Some useful insights from Karl Smith who says the Q1 internals “don’t look as bad” as the headline figure would indicate:
— Government knocked over 1 point off GDP. About .69 of that was defense spending. State and local continued to drag at .41 percent. This represents important drag but when thinking about the conditions facing private business, GDP looks better.
— Equipment and software continues to be strong, adding .8 points to GDP. We have experienced a strong rebound in equipment and software, that would be indicative of a mini-boom if there wasn’t the drag from construction.
— Residential and non-residential structures continued their drag on GDP, knock .7 or so off of growth.
— The fundamentals still seem like they are shifting towards stronger growth. We are not seeing depressed personal consumption expenditures. We are not seeing industrial production stall out. We are not seeing no new investment in equipment and software.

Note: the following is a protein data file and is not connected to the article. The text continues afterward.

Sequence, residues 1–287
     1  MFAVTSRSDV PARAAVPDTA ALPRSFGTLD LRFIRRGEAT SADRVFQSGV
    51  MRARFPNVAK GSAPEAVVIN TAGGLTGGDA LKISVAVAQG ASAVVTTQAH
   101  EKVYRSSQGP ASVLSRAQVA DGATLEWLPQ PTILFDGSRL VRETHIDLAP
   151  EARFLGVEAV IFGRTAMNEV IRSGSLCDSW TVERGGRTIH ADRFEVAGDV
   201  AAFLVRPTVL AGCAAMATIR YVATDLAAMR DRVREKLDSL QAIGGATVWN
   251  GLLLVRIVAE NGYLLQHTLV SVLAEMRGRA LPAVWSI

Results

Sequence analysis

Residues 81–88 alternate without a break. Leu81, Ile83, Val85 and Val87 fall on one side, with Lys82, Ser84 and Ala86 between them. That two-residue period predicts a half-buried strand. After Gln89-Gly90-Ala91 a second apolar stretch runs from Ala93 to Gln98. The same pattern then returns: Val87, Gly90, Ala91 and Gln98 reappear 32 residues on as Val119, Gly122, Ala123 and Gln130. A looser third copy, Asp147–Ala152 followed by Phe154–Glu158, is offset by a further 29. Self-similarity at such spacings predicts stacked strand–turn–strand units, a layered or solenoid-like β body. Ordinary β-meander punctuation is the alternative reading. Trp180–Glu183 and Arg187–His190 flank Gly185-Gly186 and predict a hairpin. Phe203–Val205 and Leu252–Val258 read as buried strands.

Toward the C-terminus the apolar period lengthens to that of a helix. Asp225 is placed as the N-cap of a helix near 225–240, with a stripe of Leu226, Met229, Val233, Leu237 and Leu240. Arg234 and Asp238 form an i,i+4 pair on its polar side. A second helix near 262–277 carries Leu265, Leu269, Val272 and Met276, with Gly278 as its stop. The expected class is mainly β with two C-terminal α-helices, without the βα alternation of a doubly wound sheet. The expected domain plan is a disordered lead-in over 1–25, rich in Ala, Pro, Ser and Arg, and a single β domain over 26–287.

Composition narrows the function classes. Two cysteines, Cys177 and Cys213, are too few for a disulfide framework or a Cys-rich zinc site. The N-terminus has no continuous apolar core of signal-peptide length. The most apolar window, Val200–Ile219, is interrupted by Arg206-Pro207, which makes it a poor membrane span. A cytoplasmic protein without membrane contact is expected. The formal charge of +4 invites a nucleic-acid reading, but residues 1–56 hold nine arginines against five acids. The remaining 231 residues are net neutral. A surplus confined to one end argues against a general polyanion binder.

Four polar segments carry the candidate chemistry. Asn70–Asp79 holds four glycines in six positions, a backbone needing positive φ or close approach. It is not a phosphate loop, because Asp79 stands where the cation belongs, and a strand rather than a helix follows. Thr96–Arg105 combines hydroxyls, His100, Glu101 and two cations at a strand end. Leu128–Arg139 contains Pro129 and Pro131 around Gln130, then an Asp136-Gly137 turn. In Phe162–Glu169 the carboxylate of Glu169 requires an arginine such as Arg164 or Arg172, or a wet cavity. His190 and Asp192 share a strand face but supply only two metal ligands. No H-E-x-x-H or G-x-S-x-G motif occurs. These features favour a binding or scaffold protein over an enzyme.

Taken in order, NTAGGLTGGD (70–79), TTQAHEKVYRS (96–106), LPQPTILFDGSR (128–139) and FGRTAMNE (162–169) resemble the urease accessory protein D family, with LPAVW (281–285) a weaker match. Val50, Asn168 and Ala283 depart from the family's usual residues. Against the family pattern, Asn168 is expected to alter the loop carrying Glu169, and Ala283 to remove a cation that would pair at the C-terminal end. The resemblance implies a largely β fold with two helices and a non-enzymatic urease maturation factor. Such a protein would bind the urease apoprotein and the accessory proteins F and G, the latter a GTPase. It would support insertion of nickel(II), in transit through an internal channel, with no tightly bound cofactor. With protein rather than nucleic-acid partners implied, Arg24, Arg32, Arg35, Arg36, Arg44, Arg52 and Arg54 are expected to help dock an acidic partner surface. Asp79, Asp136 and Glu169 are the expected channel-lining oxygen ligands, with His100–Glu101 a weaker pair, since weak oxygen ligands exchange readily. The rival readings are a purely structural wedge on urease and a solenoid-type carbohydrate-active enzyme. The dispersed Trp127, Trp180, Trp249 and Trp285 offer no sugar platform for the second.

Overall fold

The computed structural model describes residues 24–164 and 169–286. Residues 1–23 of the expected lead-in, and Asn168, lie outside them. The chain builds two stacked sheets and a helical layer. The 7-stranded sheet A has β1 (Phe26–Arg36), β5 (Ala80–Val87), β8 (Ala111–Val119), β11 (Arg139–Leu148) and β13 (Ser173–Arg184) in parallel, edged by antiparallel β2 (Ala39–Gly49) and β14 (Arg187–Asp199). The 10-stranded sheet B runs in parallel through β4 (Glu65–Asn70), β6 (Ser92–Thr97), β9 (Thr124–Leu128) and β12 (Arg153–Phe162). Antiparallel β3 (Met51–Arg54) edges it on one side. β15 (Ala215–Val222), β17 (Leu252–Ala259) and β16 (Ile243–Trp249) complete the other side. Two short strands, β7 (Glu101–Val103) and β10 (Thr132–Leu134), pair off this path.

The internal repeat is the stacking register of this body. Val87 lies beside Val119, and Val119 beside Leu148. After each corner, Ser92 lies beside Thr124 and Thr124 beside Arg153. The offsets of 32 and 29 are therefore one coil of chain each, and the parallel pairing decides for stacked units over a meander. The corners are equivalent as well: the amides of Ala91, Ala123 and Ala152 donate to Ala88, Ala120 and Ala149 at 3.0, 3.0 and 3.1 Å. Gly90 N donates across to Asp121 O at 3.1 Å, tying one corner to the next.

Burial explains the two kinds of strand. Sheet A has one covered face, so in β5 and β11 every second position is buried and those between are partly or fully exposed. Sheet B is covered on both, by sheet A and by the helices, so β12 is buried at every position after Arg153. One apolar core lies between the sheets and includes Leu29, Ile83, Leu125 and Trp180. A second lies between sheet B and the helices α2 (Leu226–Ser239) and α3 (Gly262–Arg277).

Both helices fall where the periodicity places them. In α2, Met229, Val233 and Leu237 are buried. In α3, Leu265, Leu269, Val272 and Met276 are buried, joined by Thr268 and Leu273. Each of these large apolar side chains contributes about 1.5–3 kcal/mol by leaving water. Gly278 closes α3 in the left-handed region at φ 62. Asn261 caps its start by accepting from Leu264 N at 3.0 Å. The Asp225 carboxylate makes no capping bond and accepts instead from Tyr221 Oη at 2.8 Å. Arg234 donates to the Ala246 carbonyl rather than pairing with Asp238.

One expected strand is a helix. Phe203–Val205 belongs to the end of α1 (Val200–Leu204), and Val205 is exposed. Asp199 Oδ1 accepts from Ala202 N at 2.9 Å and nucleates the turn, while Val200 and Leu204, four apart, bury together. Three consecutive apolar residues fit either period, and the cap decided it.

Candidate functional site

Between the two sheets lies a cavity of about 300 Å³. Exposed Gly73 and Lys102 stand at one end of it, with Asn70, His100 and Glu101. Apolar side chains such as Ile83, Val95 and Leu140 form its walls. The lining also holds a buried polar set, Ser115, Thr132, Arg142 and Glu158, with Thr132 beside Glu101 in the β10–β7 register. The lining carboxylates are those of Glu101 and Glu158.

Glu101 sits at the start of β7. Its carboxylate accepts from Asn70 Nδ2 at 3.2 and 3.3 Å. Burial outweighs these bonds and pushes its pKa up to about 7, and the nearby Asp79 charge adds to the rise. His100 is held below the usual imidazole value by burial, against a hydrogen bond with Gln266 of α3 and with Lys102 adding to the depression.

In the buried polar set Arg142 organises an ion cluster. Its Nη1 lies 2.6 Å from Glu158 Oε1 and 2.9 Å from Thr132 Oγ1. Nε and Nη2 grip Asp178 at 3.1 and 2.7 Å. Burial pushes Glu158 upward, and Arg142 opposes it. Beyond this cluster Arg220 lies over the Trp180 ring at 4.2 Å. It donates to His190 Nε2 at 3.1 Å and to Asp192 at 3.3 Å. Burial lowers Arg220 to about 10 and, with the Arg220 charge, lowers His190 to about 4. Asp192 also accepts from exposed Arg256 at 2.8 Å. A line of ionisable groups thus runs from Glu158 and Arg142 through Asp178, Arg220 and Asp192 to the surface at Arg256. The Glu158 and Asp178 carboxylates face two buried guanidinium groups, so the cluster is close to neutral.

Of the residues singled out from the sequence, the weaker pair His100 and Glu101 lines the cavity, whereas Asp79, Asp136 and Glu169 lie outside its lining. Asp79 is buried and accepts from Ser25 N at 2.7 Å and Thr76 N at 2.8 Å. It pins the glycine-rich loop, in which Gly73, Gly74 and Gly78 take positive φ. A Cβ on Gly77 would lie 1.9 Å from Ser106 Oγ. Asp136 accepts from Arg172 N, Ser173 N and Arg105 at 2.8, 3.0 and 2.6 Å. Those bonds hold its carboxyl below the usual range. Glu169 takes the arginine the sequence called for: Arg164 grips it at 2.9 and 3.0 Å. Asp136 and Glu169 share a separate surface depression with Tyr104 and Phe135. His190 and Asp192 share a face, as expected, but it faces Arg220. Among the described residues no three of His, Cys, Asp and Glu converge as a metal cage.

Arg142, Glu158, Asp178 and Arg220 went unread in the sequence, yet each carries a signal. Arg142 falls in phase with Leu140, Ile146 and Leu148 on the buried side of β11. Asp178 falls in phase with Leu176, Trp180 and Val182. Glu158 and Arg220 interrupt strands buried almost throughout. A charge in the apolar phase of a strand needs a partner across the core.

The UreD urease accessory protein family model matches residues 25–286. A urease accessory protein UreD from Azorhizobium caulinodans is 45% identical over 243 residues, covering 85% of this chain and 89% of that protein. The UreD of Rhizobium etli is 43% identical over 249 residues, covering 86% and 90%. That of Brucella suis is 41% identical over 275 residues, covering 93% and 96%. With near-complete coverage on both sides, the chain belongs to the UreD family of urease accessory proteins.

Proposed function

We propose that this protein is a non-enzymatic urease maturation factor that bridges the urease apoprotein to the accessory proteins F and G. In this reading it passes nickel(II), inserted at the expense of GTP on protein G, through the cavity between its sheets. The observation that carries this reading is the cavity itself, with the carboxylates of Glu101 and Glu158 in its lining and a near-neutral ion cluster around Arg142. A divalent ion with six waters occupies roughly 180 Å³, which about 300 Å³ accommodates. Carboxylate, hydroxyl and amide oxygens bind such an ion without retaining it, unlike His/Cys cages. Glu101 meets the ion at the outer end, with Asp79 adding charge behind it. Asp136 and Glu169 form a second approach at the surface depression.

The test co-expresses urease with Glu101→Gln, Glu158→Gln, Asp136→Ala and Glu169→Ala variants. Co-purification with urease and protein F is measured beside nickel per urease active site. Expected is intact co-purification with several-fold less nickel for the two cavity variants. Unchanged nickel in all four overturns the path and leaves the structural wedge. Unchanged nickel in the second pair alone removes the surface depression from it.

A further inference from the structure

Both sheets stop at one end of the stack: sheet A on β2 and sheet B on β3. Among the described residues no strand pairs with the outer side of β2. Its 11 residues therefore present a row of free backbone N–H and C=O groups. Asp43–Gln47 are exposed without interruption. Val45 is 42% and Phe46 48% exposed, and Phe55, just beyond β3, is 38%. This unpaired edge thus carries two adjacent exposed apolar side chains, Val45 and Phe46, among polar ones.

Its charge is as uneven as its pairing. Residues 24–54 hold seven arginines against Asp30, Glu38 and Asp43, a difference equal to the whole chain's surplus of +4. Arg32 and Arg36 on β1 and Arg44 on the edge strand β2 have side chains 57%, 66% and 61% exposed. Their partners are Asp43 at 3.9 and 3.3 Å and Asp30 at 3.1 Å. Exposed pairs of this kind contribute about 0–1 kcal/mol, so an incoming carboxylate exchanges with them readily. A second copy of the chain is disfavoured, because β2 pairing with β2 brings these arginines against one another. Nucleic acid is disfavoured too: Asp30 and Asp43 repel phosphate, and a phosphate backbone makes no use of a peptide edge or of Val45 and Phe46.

Which is to say that if we managed to avoid austerity budgeting in the public sector, we’d be doing okay, and if we managed to do that and repair housing finance we’d be having a real recovery. Of course an unemployed family can’t feed itself with hypotheticals but this serves to remind us that it’s not like there’s something mysterious and broken in the economy. With appropriate public policy we’d be in much better shape.